For a cenote experience without having to leave the centre of Valladolid, head to Cenote Zaci. This huge, open cenote, filled with tourists and locals alike, is the perfect place to go for a cool, refreshing dip after a long day of exploring.
It’s especially beautiful when they turn on the running water and a stream drops down into the water from the opening of the cave, like a waterfall. As this is a popular spot, the best time to visit is when it opens at 9 am or, just before it closes at 5 pm.
Take a Trip to Izamal
Known in Yucatan as one of the ‘pueblos magicos’, Izamal is really special. Perfectly combined with a trip to Chichen Itza if you have your own rental car, it’s one of the best day trips from Valladolid.
With most of the colonial centre painted a deep ochre yellow, this is probably the most yellow town you’ll ever see. With beautifully preserved colonial architecture and an equally stunning convent, this really is worth the detour for the afternoon.
When in Izamal make sure to visit the San Antonio Convent right on the main square and enjoy the afternoon quiet and sunshine as well as walk the streets surrounding it to experience the best of Yucatan charm. You can also visit Pirámide de Itzamatul, the Mayan pyramid ruins right in the middle of the town too.
Visit Chichen Itza
This one might go without saying but Valladolid is the closest town to Chichen Itza and you might already have it on your bucket list because of Chichen Itza.
A visit to Chichen Itza from Valladolid in Mexico is a must. As one of the Seven Wonders of the World, it’s one of the best day trips from Valladolid. The Mayan ruins here are just phenomenal making it one of the best Valladolid attractions.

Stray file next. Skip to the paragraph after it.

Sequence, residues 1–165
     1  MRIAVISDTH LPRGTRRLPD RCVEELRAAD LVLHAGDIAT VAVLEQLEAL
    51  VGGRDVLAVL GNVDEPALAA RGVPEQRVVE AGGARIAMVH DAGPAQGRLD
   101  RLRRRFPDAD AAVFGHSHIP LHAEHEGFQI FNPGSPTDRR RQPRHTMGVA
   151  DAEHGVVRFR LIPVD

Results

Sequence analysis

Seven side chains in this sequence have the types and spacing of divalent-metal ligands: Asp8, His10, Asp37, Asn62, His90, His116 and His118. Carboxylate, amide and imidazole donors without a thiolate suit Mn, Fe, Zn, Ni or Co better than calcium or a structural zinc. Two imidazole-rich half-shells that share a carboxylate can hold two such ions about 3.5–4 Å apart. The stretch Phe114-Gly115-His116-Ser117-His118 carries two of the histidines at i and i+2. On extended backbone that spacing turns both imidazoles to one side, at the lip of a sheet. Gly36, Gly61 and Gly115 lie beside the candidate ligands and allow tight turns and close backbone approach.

There are many Valladolid tours to and including the small town and/or Chichen Itza. Below you’ll find some of the best Valladolid tours.
Is Valladolid Safe?
This is one of the most common questions I get about Mexican destinations. In short yes, Valladolid is safe. In general, the smaller towns in Mexico and the villages are. That doesn’t mean crime doesn’t happen but it generally doesn’t go looking for travellers.
I’ve visited Valladolid twice, once as a solo female and I had no problems whatsoever. The locals were always lovely and I never felt unsafe.
Having said that always make sure to have your own back, pay attention to what’s happening around you and use your gut. If a situation doesn’t feel right, get out of there.
Planning a trip to Valladolid and have any questions about this travel guide? Leave your comments and questions below and I’ll get back to you.